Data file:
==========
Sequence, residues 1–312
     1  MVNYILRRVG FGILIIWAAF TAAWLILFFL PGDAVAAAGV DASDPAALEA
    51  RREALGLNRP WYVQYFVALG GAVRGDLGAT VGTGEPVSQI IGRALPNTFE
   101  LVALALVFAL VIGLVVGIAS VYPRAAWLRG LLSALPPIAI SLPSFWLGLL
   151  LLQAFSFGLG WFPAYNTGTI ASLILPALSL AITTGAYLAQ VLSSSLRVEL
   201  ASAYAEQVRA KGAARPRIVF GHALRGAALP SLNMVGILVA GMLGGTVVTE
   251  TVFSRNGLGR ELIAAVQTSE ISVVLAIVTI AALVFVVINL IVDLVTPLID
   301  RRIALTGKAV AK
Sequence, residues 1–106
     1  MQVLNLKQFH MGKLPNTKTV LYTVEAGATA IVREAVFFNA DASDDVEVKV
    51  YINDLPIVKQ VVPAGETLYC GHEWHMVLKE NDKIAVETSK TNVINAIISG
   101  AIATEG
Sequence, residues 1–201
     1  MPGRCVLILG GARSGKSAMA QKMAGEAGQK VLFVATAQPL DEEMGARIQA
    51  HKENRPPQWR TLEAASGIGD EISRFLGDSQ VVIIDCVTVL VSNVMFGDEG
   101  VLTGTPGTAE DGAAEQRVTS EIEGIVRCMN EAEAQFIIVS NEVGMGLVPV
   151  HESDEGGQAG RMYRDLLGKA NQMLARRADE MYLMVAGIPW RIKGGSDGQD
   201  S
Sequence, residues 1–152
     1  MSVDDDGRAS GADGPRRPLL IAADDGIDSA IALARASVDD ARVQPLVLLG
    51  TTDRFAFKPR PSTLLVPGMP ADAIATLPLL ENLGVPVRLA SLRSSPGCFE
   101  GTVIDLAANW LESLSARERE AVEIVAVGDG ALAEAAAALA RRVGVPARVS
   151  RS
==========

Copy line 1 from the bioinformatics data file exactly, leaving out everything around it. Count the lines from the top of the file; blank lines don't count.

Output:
Sequence, residues 1–312